Northumberland Affordable Housing Committee Questions to Candidates

The Northumberland Affordable Housing Committee (NAHC) hosted a Mayoral Candidates Debate in September. The elected Mayors of the seven-member municipalities make up County Council and decide on affordable housing in the region.
The NAHC invited municipal candidates to submit written responses to the same questions asked at the live debate.

Nicole Beatty’s responses to these questions are below. In addition, all candidates’ responses are available on NAHC members’ websites and social media.

What does “affordable housing” mean to you? Where would you find affordable housing in your municipality? In Northumberland County?

We are all familiar with the technical definitions of affordable housing as outlined by entities such as the CMHC: “housing is considered ‘affordable’ if it costs less than 30% of a household’s before-tax income.” Affordable housing and social housing are two different parts of the housing continuum.

I like how the website Local Housing Solutions frames it: “Affordable housing is housing that a household can pay for while still having money left over for other necessities like food, transportation, and health care.  That means what’s considered ‘affordable’ depends on a household’s income.”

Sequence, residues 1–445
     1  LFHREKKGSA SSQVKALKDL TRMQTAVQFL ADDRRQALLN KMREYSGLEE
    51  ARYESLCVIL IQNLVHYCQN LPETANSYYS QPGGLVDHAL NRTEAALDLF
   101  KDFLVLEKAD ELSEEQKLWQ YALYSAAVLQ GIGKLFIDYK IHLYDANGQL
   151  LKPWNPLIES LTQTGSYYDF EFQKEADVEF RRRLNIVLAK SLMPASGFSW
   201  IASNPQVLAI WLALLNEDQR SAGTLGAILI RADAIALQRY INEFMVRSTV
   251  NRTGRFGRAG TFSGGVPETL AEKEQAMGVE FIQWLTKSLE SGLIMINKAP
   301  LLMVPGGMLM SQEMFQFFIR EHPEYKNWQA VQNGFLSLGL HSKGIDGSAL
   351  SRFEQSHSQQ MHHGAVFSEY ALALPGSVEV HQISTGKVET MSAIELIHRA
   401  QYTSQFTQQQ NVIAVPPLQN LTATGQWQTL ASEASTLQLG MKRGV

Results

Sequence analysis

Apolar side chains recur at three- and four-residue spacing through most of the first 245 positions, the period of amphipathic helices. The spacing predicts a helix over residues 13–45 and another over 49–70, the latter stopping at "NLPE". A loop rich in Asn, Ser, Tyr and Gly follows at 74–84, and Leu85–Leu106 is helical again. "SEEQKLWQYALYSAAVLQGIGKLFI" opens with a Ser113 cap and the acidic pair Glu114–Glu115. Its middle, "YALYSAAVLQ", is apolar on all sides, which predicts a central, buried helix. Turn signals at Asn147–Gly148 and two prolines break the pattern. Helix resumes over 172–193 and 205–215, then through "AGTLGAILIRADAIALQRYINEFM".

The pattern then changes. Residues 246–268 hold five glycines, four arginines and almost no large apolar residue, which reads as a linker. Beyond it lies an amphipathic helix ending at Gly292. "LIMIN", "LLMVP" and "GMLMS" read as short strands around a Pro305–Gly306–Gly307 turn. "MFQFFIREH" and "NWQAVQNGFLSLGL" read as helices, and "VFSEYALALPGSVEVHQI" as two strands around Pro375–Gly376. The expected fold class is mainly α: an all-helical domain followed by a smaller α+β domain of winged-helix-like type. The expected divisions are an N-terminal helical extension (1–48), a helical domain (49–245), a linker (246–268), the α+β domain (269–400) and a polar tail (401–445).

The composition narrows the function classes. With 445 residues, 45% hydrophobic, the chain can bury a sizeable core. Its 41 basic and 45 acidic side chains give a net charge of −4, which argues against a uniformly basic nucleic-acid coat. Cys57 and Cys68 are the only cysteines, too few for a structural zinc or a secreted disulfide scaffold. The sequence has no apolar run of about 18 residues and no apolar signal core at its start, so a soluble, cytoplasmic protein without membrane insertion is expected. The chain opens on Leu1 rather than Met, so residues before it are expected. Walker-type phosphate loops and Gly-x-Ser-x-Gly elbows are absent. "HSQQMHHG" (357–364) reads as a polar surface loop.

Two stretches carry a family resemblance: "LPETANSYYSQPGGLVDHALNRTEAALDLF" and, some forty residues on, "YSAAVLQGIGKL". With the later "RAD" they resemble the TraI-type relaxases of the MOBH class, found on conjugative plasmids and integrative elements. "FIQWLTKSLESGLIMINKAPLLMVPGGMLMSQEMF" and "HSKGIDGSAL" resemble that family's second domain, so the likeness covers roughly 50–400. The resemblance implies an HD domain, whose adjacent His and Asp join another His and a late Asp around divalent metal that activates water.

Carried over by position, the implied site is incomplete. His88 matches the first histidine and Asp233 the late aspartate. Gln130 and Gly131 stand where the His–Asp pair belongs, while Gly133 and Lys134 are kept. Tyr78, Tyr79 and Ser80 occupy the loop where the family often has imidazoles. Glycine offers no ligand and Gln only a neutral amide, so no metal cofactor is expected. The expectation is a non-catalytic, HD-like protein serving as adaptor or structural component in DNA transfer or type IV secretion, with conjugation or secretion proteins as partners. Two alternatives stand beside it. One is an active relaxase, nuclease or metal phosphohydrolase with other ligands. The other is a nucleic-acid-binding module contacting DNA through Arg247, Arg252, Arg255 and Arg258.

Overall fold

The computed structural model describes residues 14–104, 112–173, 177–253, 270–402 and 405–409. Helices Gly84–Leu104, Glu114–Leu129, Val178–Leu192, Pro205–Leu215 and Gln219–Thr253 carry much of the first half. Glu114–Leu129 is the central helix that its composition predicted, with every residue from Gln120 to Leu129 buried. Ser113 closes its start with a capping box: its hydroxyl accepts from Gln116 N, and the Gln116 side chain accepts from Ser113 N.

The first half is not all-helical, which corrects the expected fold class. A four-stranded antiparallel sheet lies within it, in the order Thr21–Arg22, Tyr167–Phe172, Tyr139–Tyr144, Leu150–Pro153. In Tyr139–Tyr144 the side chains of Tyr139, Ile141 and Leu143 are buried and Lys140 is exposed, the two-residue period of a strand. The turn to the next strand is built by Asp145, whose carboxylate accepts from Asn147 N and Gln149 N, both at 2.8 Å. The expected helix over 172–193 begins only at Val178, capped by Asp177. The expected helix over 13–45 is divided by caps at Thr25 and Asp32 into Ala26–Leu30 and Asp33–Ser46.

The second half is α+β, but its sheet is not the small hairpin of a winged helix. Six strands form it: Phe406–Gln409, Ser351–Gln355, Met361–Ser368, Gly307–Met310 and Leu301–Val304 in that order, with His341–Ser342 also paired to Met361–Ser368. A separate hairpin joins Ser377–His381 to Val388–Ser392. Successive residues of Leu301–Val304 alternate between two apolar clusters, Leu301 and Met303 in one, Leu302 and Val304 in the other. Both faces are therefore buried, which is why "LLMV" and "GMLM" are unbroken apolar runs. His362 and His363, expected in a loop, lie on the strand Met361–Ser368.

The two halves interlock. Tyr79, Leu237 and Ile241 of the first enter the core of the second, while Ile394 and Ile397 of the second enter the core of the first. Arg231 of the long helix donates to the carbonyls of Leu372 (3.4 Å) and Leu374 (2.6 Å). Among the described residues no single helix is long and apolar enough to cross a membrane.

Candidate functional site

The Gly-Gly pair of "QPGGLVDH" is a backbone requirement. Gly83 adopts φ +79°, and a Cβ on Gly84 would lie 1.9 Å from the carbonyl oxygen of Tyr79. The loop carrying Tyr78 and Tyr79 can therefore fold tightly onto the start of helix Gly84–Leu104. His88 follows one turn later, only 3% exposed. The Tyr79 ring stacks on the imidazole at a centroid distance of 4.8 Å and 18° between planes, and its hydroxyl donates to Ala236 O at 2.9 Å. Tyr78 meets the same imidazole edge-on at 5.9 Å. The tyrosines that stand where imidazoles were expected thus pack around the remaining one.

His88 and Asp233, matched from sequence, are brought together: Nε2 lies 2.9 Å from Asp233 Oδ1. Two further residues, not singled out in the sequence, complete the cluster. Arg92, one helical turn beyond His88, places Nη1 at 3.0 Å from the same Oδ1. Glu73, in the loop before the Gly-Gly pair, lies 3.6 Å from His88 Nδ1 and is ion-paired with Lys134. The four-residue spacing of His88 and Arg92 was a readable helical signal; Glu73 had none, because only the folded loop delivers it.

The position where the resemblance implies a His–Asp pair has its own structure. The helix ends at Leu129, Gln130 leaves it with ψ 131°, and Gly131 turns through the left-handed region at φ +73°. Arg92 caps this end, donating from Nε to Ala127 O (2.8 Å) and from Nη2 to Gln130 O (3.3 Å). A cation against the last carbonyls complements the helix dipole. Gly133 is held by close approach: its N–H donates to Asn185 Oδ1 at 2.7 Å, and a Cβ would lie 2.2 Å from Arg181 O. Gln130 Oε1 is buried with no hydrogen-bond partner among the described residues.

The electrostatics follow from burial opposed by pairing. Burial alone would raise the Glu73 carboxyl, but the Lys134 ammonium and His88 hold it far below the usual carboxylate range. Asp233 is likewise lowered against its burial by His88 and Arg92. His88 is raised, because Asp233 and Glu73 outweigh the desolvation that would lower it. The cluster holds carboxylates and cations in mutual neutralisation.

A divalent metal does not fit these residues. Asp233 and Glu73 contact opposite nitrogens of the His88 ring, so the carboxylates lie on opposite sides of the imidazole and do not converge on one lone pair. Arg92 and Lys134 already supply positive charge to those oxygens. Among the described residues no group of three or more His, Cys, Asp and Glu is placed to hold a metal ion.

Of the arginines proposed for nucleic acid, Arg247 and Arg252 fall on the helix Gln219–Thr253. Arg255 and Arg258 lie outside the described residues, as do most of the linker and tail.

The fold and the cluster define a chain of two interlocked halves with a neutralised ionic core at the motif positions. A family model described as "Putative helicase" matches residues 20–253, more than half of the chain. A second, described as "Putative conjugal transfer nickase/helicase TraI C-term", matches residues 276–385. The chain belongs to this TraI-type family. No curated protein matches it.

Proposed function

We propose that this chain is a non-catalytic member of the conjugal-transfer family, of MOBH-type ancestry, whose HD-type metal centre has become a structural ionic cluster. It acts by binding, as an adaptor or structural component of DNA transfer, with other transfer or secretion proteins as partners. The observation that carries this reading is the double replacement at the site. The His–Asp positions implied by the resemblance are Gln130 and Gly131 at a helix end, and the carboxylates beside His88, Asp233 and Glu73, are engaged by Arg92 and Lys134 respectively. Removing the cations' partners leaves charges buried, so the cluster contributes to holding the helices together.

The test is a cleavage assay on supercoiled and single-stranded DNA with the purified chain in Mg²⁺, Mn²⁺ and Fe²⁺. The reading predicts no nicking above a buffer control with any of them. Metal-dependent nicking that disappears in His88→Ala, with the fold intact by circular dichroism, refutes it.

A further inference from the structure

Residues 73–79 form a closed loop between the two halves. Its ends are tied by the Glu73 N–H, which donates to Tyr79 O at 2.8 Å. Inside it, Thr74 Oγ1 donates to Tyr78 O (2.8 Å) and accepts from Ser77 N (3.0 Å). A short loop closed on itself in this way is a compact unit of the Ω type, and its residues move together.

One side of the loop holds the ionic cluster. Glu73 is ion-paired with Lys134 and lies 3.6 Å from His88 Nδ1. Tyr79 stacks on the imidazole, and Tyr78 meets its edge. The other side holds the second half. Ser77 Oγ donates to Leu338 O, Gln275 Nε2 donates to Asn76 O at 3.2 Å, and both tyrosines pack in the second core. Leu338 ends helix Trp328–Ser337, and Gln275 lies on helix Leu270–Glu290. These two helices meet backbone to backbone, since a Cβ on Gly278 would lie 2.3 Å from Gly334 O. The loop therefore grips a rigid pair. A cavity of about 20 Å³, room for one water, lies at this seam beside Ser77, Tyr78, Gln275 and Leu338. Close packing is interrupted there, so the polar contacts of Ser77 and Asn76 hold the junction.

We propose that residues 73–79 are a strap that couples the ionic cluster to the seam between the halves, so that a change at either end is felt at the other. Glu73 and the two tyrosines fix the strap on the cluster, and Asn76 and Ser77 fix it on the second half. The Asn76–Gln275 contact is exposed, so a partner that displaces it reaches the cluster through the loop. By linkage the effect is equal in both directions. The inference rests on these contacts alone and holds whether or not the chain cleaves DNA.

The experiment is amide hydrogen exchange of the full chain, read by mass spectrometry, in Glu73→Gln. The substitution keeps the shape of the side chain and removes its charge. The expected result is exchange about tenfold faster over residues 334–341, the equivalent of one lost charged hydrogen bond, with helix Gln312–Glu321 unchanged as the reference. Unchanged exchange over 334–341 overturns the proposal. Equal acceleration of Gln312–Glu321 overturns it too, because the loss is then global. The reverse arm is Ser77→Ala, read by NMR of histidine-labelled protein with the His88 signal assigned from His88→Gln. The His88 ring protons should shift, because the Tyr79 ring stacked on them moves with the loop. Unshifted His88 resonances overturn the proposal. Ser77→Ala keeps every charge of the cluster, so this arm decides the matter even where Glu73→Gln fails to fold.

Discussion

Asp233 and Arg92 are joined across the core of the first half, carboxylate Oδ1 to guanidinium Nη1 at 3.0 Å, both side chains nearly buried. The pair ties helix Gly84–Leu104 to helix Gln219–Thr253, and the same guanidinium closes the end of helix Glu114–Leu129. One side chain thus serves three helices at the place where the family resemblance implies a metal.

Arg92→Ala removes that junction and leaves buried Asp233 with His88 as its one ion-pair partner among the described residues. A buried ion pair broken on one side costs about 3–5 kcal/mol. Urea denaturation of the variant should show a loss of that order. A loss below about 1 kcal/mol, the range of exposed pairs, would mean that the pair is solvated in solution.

In a world facing an affordability crisis, I’m concerned that many folks don’t have access to housing or are at risk of losing their current housing.  Therefore, I support the notion that housing is a fundamental human right.

To me, affordable housing includes home ownership and rentals.  Various programs and support levels consider a person’s or family’s income.

It’s the provision of housing by private and non-profit organizations supported by government funding and community philanthropy.  It’s about dignity – having access to a safe home in our community.

Honestly, I don’t think I could if I had to find housing today in Cobourg.  Whether abysmal vacancy rates or high rents, I would be highly stressed about where I would live.  I find it very concerning when someone like my mom, who is in her late sixties and can afford to pay rent, is told she has to wait for 7 to 10 years for housing. 

I acknowledge that many developers and housing providers in Cobourg are working on adding affordable units to our local rental stock through mix-use developments.  If we continue to attract, expedite and incentivize these projects, they will continue contributing significantly to Cobourg’s housing options.